The Geotechnical Challenge
The LM was a unique vehicle because of the environment in which it had to operate. Its design involved many first-time engineering challenges. Because of severe weight limitations, design changes required considerable time and could not be made easily. As noted earlier, President Kennedy’s inadvertent compression of NASA’s original plan for lunar exploration diminished the usefulness of much of the data collected on the unmanned projects for the design of the LM. For example, the LM’s footpads had to be designed before an unmanned Surveyor landed on the Moon. Think of the LM as a structure with its four footpads as its structural foundation (Refer to Figure 1). To complicate matters, the lower portion of the LM had to serve as the launch pad for the top portion (Service Module) to blast off the surface of the Moon and return to the Command Module that was orbiting the Moon. In short, the footpads had to be designed to meet two criteria: (1) the LM could not settle more than a specified amount upon landing since the greater the settlement the closer the exhaust nozzle of the LM rockets got to the lunar surface (the exhaust cone is clearly visible in Figure 1 directly beneath the LM superstructure just beyond the astronaut), and (2) differential settlement between any two footpads could not result in an angular rotation greater than a certain critical value. The LM had to provide a stable, near-horizontal platform for the Service Module to be launched into an orbital trajectory so that it could rendezvous with the Command Module that was in a lunar orbit all during the lunar excursion.
The danger of not meeting Criterion 1 was that if the exhaust nozzle of the LM rocket engines got too close to the lunar surface, the exhaust would kick up so much dust that the engines could choke before liftoff. The danger of not meeting Criterion 2 was that if the orientation of the vertical axis of the LM exceeded an angle of about 15 degrees with respect to the local true vertical, the LM could go ballistic after launch and crash into the surface of the Moon instead of going into a lunar orbital trajectory for eventual rendezvous with the Command Module. If either of these two criteria was not met, the mission would end disastrously. Figure 1 shows the LM on the surface of the Moon with one of the astronauts unloading lunar experiments from the cargo bay.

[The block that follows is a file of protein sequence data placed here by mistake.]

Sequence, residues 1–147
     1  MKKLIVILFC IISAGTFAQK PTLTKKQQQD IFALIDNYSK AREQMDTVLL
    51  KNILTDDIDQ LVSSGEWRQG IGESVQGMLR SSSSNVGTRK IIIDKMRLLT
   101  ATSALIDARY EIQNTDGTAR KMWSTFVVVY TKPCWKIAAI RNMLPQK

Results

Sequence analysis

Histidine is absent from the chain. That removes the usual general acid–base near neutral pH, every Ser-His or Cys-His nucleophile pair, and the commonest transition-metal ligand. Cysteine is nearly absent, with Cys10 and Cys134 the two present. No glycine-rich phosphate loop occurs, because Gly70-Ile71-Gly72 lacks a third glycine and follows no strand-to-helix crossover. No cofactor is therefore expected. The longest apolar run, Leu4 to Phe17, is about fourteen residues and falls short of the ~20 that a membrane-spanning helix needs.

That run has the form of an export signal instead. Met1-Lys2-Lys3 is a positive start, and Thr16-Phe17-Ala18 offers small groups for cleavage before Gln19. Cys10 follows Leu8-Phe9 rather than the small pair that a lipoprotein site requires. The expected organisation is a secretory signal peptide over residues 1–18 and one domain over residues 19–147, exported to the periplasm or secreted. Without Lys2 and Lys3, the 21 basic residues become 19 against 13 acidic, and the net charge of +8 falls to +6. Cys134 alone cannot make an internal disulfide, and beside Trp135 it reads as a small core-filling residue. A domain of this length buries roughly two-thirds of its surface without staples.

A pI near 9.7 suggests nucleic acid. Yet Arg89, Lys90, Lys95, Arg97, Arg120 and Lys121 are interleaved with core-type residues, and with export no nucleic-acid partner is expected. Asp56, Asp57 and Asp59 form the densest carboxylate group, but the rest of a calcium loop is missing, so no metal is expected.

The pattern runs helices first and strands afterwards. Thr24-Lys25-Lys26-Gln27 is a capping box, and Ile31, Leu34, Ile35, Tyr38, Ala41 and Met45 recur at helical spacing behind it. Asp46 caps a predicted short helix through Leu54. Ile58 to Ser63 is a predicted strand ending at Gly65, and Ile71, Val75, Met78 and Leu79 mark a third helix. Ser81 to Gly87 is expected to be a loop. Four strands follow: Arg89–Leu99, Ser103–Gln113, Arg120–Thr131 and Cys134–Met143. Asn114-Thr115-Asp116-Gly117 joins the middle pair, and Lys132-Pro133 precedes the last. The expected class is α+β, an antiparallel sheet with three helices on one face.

The LM on the surface of the Moon – astronaut unloading scientific instruments (NASA photo)
What a challenging geotechnical problem – no test data to design the foundations for a critical structure that would take two men to the Moon and carry them back to the Command Module for their eventual return to Earth! This mission carried with it the hopes of an entire nation; and it would be conducted in full view of the entire world! This challenge was the main reason why I took the job with Grumman, but don’t think for a moment that I faced these problems all by myself. There were many teams of scientists and engineers all over the country working on the unique problems associated with this project.
Geotechnical studies were being conducted by NASA scientists and engineers (e.g., N.C. Costas at the Marshall Space Flight Center, Huntsville, AL and W.D. Carrier at the Manned Spacecraft Center, Houston, TX) and by faculty at some of the finest universities in the country through NASA-funded research grants (e.g., J.K. Mitchell at UC Berkeley and R.F. Scott at Cal Tech). I was part of the team in Grumman’s Research Department. My colleague, Dr. Leslie Karafiath, and I were the only two geotechnical engineers on the Research Department’s team. Although most of the other members of the Research Department’s team were scientists, many of the members of Grumman’s Apollo Project design team were engineers. Incidentally, Les had over twenty years of geotechnical engineering consulting experience at that time compared to my none. To say the least, working with Les on this project was a great learning experience for me.